“Hello..!” Buchi exclaimed, standing at a bus-stop situated in one of the then notorious localities in Lagos State, Nigeria, Oshodi to be precise. The dark skin-coloured young man was clad in blue jeans, green T-shirt, and a pair of black shoes.
“Who am I seeing?” Ikem shouted at the top of his voice on sighting Buchi, as he was about entering a commercial bus headed for Festac town.
The sparingly fair dude was putting on black three-quarter jeans, multi-coloured polo and black leather slippers coupled with a blue face cap that matched one of the colours on the polo.
He then ignored the bus. “Buchi na you be this?” He further exclaimed in vernacular, walked closer to him.
They hugged each other passionately.
The two were old time friends who attended the same secondary school in Enugu State, Nigeria many years back, and happened to hail from same state. Both buddies were in their mid-thirties.
“So you are in this state?” Buchi inquired.
“Yes,” quoth Ikem. “Since I finished my degree course.”
Both of them lost contact after their secondary education days due to lack of mobile communication system as at then.
“Are you serious?” Buchi amazingly exclaimed. “So, which university did you attend?” He hesitantly added.
“UNN,” Ikem replied, meaning University of Nigeria, Nsukka. “But I did my youth service in Niger State.”
“Interesting.” Buchi said, nodding.
“Well, I studied in UniPort.”
“University of Port-Harcourt?” Ikem verified.
“Yes,” Buchi answered. “But I served in Ekiti State”
“So, how long have you been in Lagos?” Ikem hurriedly asked.
“About three years now.”
“Wow..!” Ikem exclaimed, amazed. “Same here.”
“You mean, you have been here for three years too?” Buchi asked, surprised.
“Where do you stay?” Buchi said.
“Festac town,” Ikem responded. “With one of my uncles who works in a bank.”
“Wow, what a coincidence” Buchi said excitedly. “I reside at Maza-Maza”
Maza-Maza is situated in the same district with Festac.
“That makes it more interesting.” Ikem said, smiling.
“Yes ooh!” concurred Buchi. “You can say that again.”
“Are you alone?”
“No.” replied Buchi. “I am with my married sister.”
“Any job yet?” Ikem anxiously tendered.
“For where..?” Buchi replied in vernacular. “Where did you see job in Nigeria?”
“Na wow oh!” Ikem exclaimed disappointedly. “Only God will save us in this Naija.” He added.
“So which bank does your uncle work with?” Buchi hesitantly tendered.
“That’s a nice bank.” Buchi applauded. “So you haven’t gotten a job too?”
“Hmm,” Ikem sighed. “My brother, leave matter for Matthias.”
“So what’s your plan now?” Buchi curiously inquired.
“Well, there’s a friend of mine who asked me to see him tomorrow at Ikeja.” Ikem replied. “He’s into business.”
“What kind of business?”
“I don’t know yet, but he often travels abroad.” Ikem said. “And he is densely loaded.”
“Okay.” Buchi dished out in a low tone, paused “Please, I would like to go with you oh. Man don suffer.” He requested submissively.
“No wahala,” Ikem agreed. “What are friends for?”
“Thanks a lot buddy.”
After some minutes, they boarded a bus that was headed their respective destinations, and graciously exchanged contacts while in the vehicle.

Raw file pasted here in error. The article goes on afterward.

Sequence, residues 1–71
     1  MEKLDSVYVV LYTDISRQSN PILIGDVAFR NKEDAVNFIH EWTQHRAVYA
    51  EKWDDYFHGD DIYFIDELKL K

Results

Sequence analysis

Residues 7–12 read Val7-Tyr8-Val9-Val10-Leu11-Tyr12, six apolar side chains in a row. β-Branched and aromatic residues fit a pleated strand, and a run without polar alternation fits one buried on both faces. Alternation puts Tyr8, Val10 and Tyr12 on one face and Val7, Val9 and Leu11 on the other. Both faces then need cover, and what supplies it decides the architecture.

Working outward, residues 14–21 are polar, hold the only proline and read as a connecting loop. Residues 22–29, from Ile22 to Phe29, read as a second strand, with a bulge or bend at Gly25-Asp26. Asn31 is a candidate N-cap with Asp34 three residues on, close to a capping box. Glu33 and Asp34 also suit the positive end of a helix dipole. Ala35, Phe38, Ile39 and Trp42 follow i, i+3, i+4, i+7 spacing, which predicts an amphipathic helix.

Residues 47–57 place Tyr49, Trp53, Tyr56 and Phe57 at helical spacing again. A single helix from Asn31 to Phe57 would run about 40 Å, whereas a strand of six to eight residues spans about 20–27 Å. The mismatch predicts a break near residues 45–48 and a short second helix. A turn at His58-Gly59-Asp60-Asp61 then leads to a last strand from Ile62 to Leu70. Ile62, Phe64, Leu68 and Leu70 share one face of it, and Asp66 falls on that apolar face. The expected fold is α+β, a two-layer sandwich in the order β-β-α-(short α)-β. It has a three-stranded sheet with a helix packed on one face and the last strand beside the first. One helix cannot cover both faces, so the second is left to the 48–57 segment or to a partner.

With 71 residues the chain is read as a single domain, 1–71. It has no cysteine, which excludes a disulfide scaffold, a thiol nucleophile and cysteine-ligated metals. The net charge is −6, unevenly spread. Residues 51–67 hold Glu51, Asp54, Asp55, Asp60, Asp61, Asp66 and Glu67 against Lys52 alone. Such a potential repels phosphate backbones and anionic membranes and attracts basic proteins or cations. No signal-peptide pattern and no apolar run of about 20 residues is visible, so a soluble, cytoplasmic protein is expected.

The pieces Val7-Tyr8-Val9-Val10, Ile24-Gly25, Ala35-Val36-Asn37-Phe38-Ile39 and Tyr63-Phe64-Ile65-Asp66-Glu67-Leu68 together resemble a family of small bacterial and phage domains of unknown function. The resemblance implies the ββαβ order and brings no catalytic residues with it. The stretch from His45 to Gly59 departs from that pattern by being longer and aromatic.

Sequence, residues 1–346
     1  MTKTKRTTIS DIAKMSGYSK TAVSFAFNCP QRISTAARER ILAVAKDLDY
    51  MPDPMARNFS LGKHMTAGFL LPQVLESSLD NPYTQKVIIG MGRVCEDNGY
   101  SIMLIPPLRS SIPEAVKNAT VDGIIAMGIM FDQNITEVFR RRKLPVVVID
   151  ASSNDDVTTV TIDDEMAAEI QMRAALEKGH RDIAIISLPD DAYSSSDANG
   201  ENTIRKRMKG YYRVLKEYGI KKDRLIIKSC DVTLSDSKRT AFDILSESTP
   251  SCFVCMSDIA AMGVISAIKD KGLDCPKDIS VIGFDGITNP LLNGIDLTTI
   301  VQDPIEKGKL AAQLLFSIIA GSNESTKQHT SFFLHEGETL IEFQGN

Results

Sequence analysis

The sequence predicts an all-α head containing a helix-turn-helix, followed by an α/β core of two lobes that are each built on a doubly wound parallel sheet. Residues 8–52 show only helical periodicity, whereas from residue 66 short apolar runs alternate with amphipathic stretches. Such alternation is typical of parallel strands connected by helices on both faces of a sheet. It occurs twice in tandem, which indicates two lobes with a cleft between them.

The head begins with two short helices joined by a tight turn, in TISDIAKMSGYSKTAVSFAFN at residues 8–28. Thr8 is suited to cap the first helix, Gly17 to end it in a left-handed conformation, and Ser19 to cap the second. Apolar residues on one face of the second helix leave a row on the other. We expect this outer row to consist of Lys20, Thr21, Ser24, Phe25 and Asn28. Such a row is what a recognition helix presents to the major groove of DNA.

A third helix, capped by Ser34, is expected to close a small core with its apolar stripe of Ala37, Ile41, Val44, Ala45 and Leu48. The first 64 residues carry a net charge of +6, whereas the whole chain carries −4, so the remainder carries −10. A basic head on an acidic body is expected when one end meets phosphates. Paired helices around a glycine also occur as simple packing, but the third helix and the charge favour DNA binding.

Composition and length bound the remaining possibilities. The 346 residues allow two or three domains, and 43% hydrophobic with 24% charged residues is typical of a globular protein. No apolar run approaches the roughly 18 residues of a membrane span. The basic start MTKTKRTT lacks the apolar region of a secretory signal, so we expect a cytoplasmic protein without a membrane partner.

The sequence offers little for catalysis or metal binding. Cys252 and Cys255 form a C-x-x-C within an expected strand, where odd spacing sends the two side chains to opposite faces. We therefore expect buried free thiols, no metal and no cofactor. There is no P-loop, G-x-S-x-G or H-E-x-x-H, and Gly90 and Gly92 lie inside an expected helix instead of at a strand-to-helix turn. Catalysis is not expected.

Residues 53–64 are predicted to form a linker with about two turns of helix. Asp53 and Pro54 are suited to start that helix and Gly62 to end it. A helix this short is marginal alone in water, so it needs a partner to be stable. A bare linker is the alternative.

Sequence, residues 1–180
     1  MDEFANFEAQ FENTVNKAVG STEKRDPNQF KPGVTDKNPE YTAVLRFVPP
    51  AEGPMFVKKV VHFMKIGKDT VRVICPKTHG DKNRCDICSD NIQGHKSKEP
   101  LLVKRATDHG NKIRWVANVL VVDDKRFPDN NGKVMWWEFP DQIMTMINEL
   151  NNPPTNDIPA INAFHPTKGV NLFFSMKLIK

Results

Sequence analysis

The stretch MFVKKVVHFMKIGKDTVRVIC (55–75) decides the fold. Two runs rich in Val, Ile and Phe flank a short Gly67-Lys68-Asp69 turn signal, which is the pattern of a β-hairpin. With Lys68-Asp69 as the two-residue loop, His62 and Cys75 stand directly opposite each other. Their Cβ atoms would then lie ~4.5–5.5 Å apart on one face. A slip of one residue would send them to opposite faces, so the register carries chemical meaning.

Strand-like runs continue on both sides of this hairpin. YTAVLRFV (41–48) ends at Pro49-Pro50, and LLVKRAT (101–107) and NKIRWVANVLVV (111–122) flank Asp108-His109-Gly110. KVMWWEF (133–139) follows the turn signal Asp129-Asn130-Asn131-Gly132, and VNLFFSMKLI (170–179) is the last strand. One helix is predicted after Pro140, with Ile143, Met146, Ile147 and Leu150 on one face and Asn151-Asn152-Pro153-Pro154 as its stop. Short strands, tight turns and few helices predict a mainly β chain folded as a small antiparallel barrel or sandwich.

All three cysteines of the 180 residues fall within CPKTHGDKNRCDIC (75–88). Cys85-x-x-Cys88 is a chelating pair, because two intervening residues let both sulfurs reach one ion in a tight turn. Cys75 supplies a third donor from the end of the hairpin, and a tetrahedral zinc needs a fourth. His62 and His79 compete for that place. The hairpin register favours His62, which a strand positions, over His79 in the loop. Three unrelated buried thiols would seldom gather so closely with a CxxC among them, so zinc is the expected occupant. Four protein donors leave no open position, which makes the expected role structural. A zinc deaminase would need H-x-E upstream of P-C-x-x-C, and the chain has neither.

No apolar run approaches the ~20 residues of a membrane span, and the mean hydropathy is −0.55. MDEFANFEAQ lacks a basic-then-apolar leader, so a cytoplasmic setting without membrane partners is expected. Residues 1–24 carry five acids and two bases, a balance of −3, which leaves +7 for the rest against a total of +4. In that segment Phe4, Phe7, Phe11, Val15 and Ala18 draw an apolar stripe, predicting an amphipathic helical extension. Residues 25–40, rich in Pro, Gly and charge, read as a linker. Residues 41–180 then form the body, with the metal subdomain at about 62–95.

Buchi and Ikem agreed on a meeting point on phone. The following day, they met at the stipulated venue and took off from there to their anticipated destination.
Ikem had already informed his proposed host via phone that he would be coming with his old-time friend, and the man in question approved the request.
When they got to the place, the guests needed not a prophet to interpret the scene to them because all various kinds of weapon and ammunition were displayed right before the host alongside some other men who seemed to be his allies.
The chief host who was seated amidst his partners in crime didn’t hesitate to disclose the nitty-gritty of the show to them. After the necessary introduction, Ikem and Buchi whom were gripped by fathomless panic were left with no other choice than to join the deadly chorus.
The gang had earlier planned to rob a bank the following day being 24th February 1999, and the affected firm was Moonlight Bank; one of the most respected banks in the country. The new intakes were meant to be part of the adventurous outing.
On the D-day, they successfully arrived at the bank and were about to commence operation as usual until something tragic transpired. Unfortunately, Ikem’s uncle, Mr. Cyprian Okoro – the one he lived with – happened to be present at the said bank. He was scheduled to meet with the Bank Manager on that fateful day for a proposed business transaction.
Ikem sighted his uncle the moment he walked into the manager’s office as he was instructed.
Mr. Okoro stood up immediately on catching the sight of his nephew, profoundly shocked. He couldn’t believe his eyes. “Could this be my own Ikem?” He thought, stood still.
Both relatives were astonishingly looking at each other, which led the bank manager into a more perplexed state.
Ikem who was well armed, quickly and nervously gushed out tears as he was left with no options than to pull his virgin trigger on a man he had always seen as not just a father but source of his inspirations. It was indeed a horrific and bloody encounter for the first-time robber. He felt like the world had eventually come to an end as he thought over the poignant state of dilemma while standing aloof.
Immediately, Mr. Okoro was shot dead alongside his senior colleague by Ikem.
The tiled floor was instantly covered with pool of blood.
It was no doubt the most dreaded experience in the life of Ikem who instantly flew with his accomplices without beholding their prime target, which was ten billion naira, let alone making away with it.
The rest is history, please.